Former Belgian prosecutor named as new head of UN probe into Hariri murder

Kofi Annan meets with Serge Brammertz (l)

11 January 2006 – Secretary-General Kofi Annan today named a former Belgian prosecutor as the new head of the United Nations investigation into last year’s assassination of Lebanese Prime Minister Rafik Hariri.

In a letter to the Security Council, Mr. Annan said Serge Brammertz, currently a Deputy Prosecutor with the International Criminal Court (ICC), will serve as the Commissioner of the UN International Independent Investigation Commission (IIIC) into the 14 February 2005 bombing that killed the Premier and 22 others.

A spokesman for the Secretary-General issued a statement in New York noting that Mr. Annan has taken steps to help the Lebanese Government identify the nature and scope of the international assistance needed for those charged with the crime to be tried by a tribunal of an international character.

“In near future, he will dispatch a mission to Lebanon for this purpose,” spokesman Stephane Dujarric told reporters. “In addition, the Secretary-General will consult with Mr. Brammertz and the Lebanese authorities regarding the most effective manner of expanding the work of the Commission to assist the Lebanese authorities to investigate other terrorist attacks since 1 October 2004.”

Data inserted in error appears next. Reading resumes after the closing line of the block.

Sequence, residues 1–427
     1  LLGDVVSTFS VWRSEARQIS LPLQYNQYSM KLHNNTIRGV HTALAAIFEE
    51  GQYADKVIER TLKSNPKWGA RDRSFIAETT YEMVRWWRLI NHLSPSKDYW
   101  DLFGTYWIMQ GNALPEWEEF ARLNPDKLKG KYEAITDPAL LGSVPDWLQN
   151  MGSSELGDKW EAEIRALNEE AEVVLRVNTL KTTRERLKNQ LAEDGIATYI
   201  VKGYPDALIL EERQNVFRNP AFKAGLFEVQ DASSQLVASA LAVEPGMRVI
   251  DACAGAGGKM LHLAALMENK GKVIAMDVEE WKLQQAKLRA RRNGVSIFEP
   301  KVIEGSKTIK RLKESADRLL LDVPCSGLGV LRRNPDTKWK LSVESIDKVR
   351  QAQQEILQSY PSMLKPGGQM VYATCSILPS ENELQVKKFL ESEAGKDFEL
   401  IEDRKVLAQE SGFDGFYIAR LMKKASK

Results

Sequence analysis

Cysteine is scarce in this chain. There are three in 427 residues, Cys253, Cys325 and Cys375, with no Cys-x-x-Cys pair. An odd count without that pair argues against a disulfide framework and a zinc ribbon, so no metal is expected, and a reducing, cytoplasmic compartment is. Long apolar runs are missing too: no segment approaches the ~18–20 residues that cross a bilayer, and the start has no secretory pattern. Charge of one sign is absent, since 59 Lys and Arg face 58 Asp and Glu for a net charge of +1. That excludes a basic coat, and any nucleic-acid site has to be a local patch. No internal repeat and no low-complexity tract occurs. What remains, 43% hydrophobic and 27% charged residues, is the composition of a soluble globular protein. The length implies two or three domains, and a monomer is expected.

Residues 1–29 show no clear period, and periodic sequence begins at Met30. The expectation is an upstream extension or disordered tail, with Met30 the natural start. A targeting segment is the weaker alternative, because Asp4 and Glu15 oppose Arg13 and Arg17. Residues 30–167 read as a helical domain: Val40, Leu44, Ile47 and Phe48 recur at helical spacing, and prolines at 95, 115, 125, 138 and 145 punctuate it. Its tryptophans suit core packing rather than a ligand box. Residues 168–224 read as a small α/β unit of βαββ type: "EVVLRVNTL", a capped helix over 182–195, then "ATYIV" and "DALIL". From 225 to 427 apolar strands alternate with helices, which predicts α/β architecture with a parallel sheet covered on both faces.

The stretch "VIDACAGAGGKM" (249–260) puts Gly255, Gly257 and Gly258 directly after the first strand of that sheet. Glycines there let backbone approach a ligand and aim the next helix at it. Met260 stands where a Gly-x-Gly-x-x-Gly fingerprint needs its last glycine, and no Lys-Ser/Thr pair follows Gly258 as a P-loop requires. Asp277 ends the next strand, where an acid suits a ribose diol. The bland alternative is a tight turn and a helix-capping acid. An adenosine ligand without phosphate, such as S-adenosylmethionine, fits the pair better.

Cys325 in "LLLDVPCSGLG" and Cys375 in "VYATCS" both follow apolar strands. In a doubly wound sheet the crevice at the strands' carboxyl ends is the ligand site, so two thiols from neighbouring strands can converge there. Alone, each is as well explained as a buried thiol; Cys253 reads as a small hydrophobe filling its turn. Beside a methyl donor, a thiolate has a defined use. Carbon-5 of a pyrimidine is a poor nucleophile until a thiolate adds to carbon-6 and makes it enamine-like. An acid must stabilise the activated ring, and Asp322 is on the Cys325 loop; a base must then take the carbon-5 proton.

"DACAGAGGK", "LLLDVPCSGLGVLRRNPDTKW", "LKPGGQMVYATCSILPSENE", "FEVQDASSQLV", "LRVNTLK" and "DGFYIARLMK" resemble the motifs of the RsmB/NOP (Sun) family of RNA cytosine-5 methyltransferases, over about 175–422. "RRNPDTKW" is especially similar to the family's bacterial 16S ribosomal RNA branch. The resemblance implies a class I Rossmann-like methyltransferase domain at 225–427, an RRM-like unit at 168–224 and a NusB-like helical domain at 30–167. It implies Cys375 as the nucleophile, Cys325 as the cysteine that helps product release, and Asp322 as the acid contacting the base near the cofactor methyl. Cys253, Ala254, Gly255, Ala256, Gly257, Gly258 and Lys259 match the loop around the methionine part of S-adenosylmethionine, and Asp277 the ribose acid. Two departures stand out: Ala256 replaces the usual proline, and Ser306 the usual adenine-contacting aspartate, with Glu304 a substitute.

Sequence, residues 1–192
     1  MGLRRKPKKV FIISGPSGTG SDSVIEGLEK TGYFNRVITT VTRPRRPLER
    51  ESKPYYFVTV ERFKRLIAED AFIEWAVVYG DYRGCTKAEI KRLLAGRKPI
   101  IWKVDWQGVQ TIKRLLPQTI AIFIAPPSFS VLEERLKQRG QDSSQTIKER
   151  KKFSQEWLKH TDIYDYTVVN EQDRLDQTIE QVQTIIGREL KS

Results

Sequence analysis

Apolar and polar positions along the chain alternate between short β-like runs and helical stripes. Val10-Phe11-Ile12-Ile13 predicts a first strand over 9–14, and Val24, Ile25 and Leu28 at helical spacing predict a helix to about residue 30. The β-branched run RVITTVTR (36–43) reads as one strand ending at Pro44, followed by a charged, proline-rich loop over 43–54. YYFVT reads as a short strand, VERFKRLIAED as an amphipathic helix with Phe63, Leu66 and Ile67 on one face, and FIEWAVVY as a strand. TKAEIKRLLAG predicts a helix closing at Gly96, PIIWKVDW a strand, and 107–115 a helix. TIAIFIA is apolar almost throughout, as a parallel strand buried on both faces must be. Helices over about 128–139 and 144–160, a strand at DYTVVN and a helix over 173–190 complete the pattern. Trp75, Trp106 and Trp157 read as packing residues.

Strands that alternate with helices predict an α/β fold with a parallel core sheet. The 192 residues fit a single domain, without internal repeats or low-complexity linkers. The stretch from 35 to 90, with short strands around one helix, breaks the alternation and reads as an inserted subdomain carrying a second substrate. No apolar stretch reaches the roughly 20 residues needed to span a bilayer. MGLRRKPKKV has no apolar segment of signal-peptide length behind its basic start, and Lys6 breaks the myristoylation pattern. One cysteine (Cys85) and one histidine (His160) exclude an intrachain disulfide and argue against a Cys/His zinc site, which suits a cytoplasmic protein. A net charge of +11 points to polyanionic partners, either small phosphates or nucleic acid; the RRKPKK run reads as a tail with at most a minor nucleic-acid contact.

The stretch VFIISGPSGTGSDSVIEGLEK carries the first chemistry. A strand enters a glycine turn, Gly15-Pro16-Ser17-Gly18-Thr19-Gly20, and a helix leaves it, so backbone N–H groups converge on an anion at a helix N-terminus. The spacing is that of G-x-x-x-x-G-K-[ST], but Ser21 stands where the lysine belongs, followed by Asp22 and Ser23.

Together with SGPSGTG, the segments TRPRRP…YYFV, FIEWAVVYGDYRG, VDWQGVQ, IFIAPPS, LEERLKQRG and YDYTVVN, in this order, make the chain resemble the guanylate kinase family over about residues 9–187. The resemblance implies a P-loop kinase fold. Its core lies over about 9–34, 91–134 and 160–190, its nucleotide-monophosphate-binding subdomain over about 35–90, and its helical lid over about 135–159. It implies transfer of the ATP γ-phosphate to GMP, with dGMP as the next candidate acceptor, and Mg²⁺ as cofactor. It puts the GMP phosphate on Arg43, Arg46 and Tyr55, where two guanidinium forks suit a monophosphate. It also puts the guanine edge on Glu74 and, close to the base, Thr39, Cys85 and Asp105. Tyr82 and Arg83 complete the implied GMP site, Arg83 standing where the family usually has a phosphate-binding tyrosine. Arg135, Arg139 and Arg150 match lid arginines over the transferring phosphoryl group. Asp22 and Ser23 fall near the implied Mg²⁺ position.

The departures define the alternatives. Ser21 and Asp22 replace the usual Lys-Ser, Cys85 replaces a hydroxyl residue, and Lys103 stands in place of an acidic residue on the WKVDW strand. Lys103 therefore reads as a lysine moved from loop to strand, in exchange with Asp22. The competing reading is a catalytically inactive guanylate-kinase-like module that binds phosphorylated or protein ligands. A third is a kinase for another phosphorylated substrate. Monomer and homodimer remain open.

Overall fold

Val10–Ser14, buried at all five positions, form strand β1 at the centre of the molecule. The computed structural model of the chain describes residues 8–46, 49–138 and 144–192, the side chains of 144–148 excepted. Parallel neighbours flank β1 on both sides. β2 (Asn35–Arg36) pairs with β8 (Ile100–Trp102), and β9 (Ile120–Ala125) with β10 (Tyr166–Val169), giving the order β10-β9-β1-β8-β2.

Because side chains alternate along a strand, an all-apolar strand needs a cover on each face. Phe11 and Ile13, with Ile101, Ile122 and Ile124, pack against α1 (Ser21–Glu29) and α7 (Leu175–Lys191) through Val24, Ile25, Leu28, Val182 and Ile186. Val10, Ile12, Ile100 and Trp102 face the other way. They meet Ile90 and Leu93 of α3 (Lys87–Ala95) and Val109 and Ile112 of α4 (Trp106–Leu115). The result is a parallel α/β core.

Mr. Brammertz succeeds Detlev Mehlis, who has been leading the IIIC since its activation in May 2005.

Through his spokesman, the Secretary-General thanked Mr. Mehlis for his “excellent work in establishing the investigation and setting it on a firm and professional footing.”

Mr. Annan also reiterated his “unwavering commitment to support the work of the Commission to fulfil its mandate to assist the Lebanese authorities to bring to justice the perpetrators of this crime,” the spokesman added.

Mr. Brammerz, who has also served on the Justice and Internal Affair Committee of the European Commission and as an advisor to the Internal Organization for Migration, will proceed to Beirut to take up his assignment “as soon as is practicable,” according to the spokesman.

The Security Council set up the IIIC after a UN mission found Lebanon's earlier investigations flawed and Syria primarily responsible for the political tension preceding the murder.

The IIIC’s latest report, released in December 2005, said that converging evidence pointed to both Syrian and Lebanese involvement in the crime, described 19 unidentified suspects of both nationalities and urged improved Syrian cooperation with the probe.

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